"Awaroa is a pin-up beach for New Zealand … but this image would not be so valued if it showed the motor vehicle activity," he said.

"If we are not prepared to use our feet and accept some sweat on our brows carrying our goods, then perhaps we should stay at home."

Gard'ner today told the Herald that he and Major trusted DoC and the management plans it had put in place.

But he said the pair would prefer that vehicle use on the beach be kept to an "absolute minimum".

Gard'ner wanted Awaroa to be a peaceful place – "a place for wildlife to flourish and for people to go there, enjoy and reflect, wherever practicable, without motorised vehicles".

DoC's Golden Bay operations manager, Dave Winterburn, said he was aware of "sporadic" quad bike and tractor use by "two or three" permanent residents and bach owners at the beach.

The public couldn't drive to Awaroa as there was no road to the beach, and the road from Takaka ended near the shore of an estuary about 2km away.

Winterburn said he'd noticed no big increase in vehicle use there since the beach became part of the national park, although there may have been a change following cyclones that hit Awaroa last year.

"We encourage residents to be mindful in their quad bike use to minimise disruption to native wildlife," he said.

"We also ask them to stick to a designated quad bike corridor."

DoC and private conservation trust Project Janszoon were meanwhile making plans to better protect native birds breeding at Awaroa Sandspit.

The work included signs asking visitors to stay off the sand dunes, and barriers to restrict vehicle and foot traffic on the sandspit.

He said tourism operators had been bringing visitors to Awaroa by boat for many years, and were required to follow guidelines to minimise the impact of landing visitors on the beach.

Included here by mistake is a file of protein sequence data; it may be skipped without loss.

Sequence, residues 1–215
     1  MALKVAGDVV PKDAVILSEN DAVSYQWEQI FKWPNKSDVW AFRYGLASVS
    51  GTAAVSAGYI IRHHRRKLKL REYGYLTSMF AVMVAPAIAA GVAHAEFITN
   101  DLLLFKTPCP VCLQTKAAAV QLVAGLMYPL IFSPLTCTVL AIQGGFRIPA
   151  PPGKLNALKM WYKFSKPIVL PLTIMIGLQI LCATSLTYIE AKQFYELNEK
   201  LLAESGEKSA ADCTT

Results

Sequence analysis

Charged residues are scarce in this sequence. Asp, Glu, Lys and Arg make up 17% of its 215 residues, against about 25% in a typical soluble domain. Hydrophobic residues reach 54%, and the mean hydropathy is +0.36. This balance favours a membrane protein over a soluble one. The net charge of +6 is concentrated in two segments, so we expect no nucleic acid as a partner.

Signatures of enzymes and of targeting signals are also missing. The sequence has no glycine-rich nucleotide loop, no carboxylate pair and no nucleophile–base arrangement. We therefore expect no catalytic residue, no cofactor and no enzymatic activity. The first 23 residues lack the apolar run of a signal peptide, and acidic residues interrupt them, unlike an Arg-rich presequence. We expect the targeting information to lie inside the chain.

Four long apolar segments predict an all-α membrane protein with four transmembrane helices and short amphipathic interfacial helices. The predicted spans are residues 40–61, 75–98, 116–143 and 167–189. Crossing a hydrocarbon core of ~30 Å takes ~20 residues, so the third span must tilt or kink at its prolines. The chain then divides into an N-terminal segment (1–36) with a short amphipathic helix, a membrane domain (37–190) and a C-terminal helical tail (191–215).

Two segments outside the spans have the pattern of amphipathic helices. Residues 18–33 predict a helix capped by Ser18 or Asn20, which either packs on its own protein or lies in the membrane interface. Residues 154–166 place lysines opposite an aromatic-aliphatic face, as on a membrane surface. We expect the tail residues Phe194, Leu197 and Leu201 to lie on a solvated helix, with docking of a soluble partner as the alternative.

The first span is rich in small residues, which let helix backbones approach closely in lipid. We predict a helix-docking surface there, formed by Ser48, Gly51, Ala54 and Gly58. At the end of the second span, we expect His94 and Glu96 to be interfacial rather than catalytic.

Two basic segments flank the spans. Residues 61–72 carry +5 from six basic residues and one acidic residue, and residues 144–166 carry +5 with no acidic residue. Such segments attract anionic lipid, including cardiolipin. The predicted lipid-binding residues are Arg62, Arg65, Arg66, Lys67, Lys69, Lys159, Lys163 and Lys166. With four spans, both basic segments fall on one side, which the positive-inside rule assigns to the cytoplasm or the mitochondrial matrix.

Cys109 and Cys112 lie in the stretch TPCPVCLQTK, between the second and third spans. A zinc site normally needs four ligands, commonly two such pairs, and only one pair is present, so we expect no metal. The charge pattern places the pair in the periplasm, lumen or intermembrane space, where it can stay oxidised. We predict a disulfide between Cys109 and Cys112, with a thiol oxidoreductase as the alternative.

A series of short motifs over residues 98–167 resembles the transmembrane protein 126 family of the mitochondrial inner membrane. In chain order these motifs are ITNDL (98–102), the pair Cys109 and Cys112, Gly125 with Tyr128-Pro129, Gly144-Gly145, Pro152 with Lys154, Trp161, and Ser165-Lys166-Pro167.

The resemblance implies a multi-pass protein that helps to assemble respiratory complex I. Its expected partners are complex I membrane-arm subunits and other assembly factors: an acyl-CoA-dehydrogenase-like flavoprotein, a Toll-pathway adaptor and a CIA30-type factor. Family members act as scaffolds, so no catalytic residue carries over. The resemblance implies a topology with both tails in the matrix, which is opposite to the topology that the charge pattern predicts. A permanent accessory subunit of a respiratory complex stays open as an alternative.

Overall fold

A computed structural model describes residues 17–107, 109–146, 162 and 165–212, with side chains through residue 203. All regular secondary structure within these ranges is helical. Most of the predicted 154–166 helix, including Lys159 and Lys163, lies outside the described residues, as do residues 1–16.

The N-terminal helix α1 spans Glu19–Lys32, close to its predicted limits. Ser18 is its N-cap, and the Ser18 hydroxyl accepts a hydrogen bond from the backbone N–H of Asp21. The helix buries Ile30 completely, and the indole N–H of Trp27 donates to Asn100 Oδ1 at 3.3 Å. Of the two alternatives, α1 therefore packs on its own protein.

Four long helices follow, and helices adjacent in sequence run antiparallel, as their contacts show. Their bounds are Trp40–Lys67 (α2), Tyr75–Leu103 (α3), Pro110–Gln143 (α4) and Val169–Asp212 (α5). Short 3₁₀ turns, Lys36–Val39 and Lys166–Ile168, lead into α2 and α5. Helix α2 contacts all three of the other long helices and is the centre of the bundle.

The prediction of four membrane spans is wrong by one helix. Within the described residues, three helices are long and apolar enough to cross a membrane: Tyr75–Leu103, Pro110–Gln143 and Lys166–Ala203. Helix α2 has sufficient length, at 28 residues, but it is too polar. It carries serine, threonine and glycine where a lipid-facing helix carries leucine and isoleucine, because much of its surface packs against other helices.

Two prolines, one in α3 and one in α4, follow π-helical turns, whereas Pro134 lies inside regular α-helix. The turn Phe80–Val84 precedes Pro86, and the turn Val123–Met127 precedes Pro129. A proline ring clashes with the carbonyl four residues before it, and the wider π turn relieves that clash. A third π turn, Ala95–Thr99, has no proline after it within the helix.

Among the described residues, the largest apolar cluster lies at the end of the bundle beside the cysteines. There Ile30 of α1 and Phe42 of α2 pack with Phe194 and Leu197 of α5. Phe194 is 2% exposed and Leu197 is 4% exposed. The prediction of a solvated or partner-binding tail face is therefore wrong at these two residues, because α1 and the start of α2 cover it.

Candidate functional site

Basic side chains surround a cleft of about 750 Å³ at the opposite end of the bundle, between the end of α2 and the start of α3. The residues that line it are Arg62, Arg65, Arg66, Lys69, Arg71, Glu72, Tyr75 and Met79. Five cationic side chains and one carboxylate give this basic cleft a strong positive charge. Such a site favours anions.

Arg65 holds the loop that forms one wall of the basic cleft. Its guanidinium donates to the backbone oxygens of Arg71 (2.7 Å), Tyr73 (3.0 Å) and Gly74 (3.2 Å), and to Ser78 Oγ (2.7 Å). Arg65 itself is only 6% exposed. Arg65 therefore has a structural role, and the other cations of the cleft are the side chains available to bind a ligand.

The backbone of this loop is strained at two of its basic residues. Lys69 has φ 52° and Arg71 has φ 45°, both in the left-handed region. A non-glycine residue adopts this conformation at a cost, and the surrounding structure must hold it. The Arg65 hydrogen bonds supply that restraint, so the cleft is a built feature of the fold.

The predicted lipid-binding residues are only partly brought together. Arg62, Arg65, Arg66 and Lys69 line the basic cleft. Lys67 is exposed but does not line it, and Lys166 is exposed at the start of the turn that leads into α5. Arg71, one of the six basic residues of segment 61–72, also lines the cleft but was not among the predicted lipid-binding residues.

Professor Steve Trewick says he has noticed a "substantial increase" in visitors to Awaroa Beach

Professor Steve Trewick says he has noticed a "substantial increase" in visitors to Awaroa Beach

"There's also a limit on the number of people they can land on the beach each day and throughout the year," he said.

"The visitors land on the beach, enjoy the area on foot and are having no significant impact on the environment at Awaroa."

Nelson Regional Development Agency's visitor destination manager Gisela Purcell said the commercial boats that landed on the beach were designed to have a "minimal impact" on the seabed.

In the near future, their petrol engines would be replaced with electric ones.

"It is important to note that Awaroa is a settlement with private properties so locals who regularly holiday in the area will also have an impact on this beach as well as domestic and international visitors," Purcell said.

"I can't comment on what people with their own boats and quad bikes are doing in the area but we work closely with the commercial operators in the park."

See Otage Daily Times story . . .